After 10 years, Mavericks are back with ‘In Time’

The Mavericks broke up in 2003 but have returned, hoping to leave “a bit of a legacy,’’ according to leader Raul Malo (center).

Mark Tucker

The Mavericks broke up in 2003 but have returned, hoping to leave “a bit of a legacy,’’ according to leader Raul Malo (center).

Raul Malo is very easygoing about being called a liar.

When Malo, the man with the swoon-inducing Orbisonian croon, last spoke to the Globe and was asked if his old band the Mavericks might ever reunite, he said “Never.” The reunited Mavericks play Royale on Friday.


“I know,” he says with a good-natured laugh. “But I thought, even if I’m called out a liar, it’ll be worth it because the record’s pretty good.”

That record, “In Time,” the quirky country quintet’s first album in 10 years, is indeed a solid effort, picking up right where the award-winning group left off in 2003. They had called it quits after a string of acclaimed albums like “What a Crying Shame” and hits like “All You Ever Do Is Bring Me Down.”

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Which means that Malo and his always nattily attired bandmates — bassist Robert Reynolds, drummer Paul Deakin, keyboardist Jerry Dale McFadden, and guitarist Eddie Perez — continue to offer up their trademark variety pack of sounds, from classic country ballads to pop gems to Tex-Mex rockers.

Q. On the opening track, “Back in Your Arms Again,” you sing about being proven wrong about doing things you’d never do. It feels almost like a shout out to all the fans who asked for a reunion and maybe even to your bandmates. Was that at all part of the inspiration?

A. It’s weird. That song, like everything, it just kind of came out of nowhere. A friend of mine, Seth Walker — he had seen the Mavericks before and he had heard of us and all that, but we became friends way after the Mavericks broke up — had this song, and he wanted me to help him finish it. He played it for me and I couldn’t believe it. I thought, “My God, that sounds like a Mavericks song.” That was the first thing I thought of. And this was before there was any talk of any record or reunion or anything, roughly 2½ years ago. So we had a little demo, and I just kind of kept it there in the back of my mind and kept writing songs. After that, another song, “As Long as There’s Loving Tonight,” started to pop up and I thought, “This sounds like it could be a Mavericks song, too.” All these songs started to come together, but that was the song that started the whole process.


Q. Sometimes when fans ask about reunions it’s more about them wanting to revisit a certain time in their life. Did you finally get to that space of wanting to feel that feeling agan, too, once you had these songs?

A. I think so. The one thing that solidified this whole reunion for me was the music. Once I knew we were going to make a record, that felt like it would be more along the lines of what I personally would like to have done. Because initially we were just going to tour and play the summer festivals and play the old stuff and be done with it. That’s all it was going to be. But to me, if we were going to bring the Mavericks back, I really would like to do it in a special way. And the only way to do it would be to do a record.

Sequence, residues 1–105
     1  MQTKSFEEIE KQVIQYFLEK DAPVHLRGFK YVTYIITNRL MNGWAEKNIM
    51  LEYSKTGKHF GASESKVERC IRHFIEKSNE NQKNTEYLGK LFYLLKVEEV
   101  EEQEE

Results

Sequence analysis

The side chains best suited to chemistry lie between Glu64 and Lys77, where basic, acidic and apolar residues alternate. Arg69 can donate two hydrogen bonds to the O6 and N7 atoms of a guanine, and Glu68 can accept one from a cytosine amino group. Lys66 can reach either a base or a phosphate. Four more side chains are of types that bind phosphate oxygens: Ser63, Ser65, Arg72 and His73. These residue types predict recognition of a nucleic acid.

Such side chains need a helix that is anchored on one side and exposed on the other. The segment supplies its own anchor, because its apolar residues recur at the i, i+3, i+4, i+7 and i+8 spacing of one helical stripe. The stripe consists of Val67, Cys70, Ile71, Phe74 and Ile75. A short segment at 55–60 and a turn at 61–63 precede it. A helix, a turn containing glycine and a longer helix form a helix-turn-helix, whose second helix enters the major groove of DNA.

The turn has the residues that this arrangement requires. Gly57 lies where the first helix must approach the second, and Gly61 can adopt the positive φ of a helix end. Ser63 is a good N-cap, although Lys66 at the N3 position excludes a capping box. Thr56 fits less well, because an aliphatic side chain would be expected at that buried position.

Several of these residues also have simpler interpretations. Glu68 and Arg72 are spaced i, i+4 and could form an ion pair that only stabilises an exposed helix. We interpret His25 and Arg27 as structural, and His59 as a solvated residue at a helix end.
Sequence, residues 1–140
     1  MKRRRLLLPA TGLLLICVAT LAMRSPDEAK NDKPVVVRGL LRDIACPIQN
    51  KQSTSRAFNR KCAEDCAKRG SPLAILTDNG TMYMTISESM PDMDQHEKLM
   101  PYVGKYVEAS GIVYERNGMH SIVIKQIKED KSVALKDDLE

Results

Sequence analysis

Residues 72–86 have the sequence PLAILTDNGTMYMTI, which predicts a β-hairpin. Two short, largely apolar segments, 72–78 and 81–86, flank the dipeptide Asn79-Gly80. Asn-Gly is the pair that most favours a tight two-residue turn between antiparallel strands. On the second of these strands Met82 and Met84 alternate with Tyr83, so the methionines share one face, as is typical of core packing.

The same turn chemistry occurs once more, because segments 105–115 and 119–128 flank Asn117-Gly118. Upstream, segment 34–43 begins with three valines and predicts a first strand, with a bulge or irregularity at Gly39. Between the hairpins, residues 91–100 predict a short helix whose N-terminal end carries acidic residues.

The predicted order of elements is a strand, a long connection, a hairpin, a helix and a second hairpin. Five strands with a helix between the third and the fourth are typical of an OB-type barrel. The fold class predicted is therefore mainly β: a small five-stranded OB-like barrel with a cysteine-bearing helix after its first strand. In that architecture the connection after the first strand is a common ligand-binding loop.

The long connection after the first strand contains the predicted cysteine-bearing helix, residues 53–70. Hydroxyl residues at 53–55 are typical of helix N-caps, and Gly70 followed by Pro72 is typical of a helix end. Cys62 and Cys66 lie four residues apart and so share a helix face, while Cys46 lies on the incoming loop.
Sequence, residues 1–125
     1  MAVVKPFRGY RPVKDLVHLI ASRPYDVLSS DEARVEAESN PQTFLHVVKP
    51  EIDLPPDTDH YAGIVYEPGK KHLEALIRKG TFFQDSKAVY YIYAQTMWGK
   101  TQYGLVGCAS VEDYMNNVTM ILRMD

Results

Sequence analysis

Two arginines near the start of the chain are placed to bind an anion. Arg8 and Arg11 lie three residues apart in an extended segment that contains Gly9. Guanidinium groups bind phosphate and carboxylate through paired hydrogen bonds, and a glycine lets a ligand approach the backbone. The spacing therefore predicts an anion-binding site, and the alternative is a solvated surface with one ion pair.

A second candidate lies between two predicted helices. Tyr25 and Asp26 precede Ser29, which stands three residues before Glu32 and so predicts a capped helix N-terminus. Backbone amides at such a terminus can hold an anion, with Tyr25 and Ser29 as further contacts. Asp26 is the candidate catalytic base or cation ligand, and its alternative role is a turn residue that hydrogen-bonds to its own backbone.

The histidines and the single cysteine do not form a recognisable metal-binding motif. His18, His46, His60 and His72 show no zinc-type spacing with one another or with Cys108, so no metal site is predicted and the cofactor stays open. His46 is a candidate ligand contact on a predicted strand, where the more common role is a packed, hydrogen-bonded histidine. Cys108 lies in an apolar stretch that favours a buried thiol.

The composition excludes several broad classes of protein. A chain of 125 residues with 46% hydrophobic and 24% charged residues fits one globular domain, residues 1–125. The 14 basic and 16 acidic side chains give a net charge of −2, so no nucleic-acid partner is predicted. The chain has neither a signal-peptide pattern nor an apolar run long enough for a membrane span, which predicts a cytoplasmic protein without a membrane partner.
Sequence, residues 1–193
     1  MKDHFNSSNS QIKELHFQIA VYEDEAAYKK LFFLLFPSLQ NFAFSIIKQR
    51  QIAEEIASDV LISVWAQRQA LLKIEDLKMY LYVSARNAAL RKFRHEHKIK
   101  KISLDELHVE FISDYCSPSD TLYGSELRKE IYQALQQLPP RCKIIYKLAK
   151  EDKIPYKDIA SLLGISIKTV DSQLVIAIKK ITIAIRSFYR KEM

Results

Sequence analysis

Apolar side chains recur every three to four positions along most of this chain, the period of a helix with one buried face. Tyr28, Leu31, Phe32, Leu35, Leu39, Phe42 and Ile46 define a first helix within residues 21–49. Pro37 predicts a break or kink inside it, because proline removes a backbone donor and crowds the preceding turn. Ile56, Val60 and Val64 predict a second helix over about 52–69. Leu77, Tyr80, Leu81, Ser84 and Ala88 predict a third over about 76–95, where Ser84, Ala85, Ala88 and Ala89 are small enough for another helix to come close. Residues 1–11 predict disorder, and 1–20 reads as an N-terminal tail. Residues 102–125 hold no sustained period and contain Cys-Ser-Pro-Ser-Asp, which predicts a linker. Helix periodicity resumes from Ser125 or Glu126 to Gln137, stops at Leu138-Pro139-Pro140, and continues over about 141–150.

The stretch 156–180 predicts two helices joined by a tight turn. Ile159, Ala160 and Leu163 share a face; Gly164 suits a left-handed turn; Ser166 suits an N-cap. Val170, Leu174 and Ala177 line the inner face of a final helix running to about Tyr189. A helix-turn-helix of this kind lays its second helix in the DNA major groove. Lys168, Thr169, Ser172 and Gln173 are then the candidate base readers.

Q. You didn’t want to just do the nostalgia circuit/cash-in thing?

A. Yeah, because one thing we could always look back on is that we never did things just for the money or commercial reasons. We sacrificed a lot of things. We stood our ground in many

Q. Some reunions are just about the old fans, but the Mavericks have been gone long enough that there are probably people who have discovered you in the last decade and never saw you mixing in with the diehards.

A. There’s a lot of that, so there’s an enthusiasm and a warmth all the way around wherever we play. The shows have been amazing, and I think a lot of that is that energy the audience has.

Q. So you’ve made a record, and it’s really exciting, and then you head out on the road and it seems like that’s where old issues might flare up. Is everyone getting along?

A. First of all, the shows have been amazing, and I think everybody’s attitude this time is that we know what’s at stake. And it’s more than just a record, it’s more than just a tour, it’s about leaving something behind, it’s about really leaving a bit of a legacy, something truly putting the Mavericks in as special a light as possible.

We haven’t even talked about this, but we know it and feel it, we all realize that this could disappear at any moment and it’s up to us to really take care of it. For the first time it feels like this is bigger than the sum of its parts, and I think everybody’s on the same page about that. I think a lot of it is we’ve come back to it a little older and wiser, definitely, and more diligent. Everybody’s very aware of what it is that we have to do, and whatever it takes.

Interview was edited and condensed. Sarah Rodman can be reached at Follow her on Twitter @GlobeRodman.
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